Please note: The information displayed here is current as of Sunday, March 24, 2019, but the official Course Catalog should be used for all official planning.
This catalog was created on Sunday, March 24, 2019.
Classics is a quintessentially interdisciplinary field of intellectual inquiry and academic endeavor. The program of the classics department emphasizes both ancient history and the careful reading and critical study of selected Greek and Latin texts, together with formal study of the languages themselves, as a basis for further study of classical literature, art, history, linguistics, mythology, culture, and civilization.
The classics department accordingly offers three related but distinct concentrations. The traditional concentration in classical languages and literatures produces potential scholars well trained in classical philology and Greek and Latin literature, and also prepares students for teaching certification in Latin. The concentration in classical civilization combines a modicum of Greek or Latin with the study of classical culture, ancient history, and Greek and Roman art for students who wish to engage with the classical world as broadly as possible. The concentration in classical linguistics is designed for students of a more scientific bent who wish to acquire a working knowledge of Greek and Latin at the same time as they undertake the formal, rigorous study of language science.
Required for the classics major
Students may elect to fulfill the requirements of their classics major by concentrating in classical languages and literatures (I), classical civilization (II), or classical linguistics (III), depending on their intellectual interests and postgraduate plans.
- Classical Languages and Literatures
CLAS 110 and 225 or their equivalents, plus 42 units from advanced courses, tutorials, or independent studies in Greek and/or Latin. Students who anticipate doing graduate work in classics should choose this concentration.
- Classical Civilization
- CLAS 110 or 225, or its equivalent
- Two courses from each of the following three sets of courses:
- CLAS 150, 160, 280, 300, 310, 510
- CLAS 235, 250, 260, 275, 315, PHIL 200
- CLAS 340, 345, 350, 365, 368, 540
- 18 additional units selected from courses listed in section 2 and/or from other courses or tutorials in classics.
- Classical Linguistics
CLAS 110 and 225 or their equivalents, and LING 150, plus 18 units from advanced courses or tutorials in classical languages and literatures and 18 additional units from courses or tutorials in linguistics (LING 320, 340, and 380 are especially recommended).
Required for the Greek and Latin minors
- Greek: 30 units from language and literature courses plus a six-unit tutorial in the history of Greek literature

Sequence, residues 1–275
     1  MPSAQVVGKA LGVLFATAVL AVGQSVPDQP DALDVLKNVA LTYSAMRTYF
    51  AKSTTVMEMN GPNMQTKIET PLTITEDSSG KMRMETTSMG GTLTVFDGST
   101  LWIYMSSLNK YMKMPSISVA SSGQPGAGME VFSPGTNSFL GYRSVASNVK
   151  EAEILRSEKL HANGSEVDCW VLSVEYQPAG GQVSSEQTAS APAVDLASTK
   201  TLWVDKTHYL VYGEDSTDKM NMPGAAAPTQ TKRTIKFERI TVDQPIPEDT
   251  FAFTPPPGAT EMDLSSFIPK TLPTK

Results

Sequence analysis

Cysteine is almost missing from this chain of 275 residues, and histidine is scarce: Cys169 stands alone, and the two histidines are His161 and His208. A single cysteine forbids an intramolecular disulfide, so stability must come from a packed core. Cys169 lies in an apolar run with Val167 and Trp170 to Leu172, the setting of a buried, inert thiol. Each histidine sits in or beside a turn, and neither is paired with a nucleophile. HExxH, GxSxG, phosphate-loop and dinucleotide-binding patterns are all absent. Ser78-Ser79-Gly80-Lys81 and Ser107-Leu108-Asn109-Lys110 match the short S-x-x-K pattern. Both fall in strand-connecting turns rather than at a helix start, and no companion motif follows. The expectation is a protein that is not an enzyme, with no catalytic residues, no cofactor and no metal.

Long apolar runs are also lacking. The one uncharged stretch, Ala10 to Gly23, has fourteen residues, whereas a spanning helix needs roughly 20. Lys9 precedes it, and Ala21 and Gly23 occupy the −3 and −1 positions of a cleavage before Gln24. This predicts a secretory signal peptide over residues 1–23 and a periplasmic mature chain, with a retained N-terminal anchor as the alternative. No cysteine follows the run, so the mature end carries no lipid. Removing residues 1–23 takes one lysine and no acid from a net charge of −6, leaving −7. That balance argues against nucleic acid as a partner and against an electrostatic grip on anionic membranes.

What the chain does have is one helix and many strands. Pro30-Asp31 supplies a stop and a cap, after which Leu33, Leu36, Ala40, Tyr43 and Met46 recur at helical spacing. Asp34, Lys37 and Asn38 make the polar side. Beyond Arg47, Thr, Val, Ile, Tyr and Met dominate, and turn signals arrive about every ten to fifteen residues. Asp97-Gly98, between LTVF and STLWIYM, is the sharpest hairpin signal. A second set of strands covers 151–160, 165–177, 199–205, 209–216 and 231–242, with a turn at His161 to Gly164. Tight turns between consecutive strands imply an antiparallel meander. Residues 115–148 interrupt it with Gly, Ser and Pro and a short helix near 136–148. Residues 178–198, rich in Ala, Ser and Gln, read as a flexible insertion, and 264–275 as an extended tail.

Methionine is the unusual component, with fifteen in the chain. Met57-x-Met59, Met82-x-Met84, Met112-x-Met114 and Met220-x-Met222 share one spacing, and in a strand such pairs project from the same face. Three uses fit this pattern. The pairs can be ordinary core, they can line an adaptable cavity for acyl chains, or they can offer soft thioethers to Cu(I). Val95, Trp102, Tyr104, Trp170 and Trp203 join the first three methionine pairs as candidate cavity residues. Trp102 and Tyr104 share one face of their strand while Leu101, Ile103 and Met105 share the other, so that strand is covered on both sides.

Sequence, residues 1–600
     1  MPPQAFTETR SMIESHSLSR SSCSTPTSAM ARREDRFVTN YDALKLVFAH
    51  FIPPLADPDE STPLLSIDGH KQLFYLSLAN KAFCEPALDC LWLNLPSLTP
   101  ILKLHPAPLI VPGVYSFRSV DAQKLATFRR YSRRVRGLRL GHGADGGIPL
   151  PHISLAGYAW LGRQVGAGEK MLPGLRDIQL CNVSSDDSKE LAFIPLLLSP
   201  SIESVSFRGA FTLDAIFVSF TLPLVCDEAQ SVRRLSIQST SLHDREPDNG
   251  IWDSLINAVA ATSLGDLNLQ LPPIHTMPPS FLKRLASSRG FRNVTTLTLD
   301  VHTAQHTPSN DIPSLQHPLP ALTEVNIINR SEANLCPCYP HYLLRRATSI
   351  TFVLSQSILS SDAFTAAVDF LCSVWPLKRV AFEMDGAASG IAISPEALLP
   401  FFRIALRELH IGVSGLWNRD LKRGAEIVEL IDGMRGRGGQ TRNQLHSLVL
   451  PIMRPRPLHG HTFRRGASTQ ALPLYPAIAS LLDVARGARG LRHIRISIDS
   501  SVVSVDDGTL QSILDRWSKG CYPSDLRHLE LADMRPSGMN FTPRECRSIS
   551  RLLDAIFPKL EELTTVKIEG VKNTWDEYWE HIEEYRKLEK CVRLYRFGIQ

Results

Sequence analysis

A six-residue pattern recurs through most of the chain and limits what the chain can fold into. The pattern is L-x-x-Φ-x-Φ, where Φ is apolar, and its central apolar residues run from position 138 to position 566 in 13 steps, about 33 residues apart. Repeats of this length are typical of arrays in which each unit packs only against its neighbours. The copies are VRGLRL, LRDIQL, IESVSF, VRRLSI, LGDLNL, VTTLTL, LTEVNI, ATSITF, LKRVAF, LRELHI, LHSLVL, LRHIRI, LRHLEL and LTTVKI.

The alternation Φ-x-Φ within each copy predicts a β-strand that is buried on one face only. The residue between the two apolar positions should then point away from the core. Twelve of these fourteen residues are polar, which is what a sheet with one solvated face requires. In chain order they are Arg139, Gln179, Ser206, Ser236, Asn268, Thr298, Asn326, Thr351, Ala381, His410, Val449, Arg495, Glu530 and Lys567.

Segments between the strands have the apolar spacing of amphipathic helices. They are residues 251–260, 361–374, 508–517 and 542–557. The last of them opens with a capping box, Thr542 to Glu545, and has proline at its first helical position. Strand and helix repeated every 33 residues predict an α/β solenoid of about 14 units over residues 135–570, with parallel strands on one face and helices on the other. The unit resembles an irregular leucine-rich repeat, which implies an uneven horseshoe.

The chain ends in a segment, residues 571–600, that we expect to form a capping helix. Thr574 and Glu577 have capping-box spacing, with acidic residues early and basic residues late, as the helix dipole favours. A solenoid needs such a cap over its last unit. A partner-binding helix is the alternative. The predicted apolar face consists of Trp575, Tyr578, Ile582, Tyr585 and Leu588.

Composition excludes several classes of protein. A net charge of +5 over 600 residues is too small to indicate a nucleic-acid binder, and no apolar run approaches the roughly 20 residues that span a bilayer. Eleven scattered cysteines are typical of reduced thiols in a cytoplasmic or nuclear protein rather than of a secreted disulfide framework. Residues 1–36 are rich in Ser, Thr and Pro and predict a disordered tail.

Latin: 30 units from language and literature courses plus a six- unit tutorial in the history of Latin literature
- C average in the minor
The curriculum at the “Centro” in Rome is considered to be virtually an integral part of the classics department’s program (see Intercollegiate Center for Classical Studies in Rome). The classics programs at the American University of Rome and the College Year in Athens are also affiliated and approved options for study abroad in classics. Consult the department chair for more details.
Foreign language requirement
Students may fulfill the university’s foreign language requirement in Latin by taking CLAS 230: Introduction to Latin Literature or any 400-level Latin literature course (prerequisites: CLAS110 or 230, Intermediate Latin and Introduction to Latin Literature respectively), or in Greek by taking CLAS 225: Intermediate Greek Reading (prerequisite: CLAS 125: Intensive Elementary Greek) or any 400-level Greek literature course.
Students may fulfill the university’s humanities requirement by taking any classics course taught in English, CLAS 230, or any 400-level course in Greek or Latin literature.
Senior Experience in Classics
The Senior Experience in the Department of Classics may be fulfilled in a variety of ways, in consultation with the department chair and the student's advisor. Scholarly, pedagogical, creative, and experiential projects are all viable options. Possible experiences include: writing and defending a senior thesis; delivering a scholarly paper at a conference or as part of Classics Week; staging a production of a Greek or Roman play; developing a complete syllabus and teaching a sample class for a course in Latin or Greek at the secondary level; or working at relevant archaeological sites in Europe and the Mediterranean Sea region. For Senior Experiences that take place off-campus, a formal oral presentation will also be required.
Students pursuing double majors, double degrees, and education certification, are strongly encouraged to consult with their advisors and department chairs to plan and negotiate their overall senior experience as early as possible, especially if they are interested in pursuing an interdisciplinary capstone that integrates their interests in both majors, or combines their student teaching with a project in their major.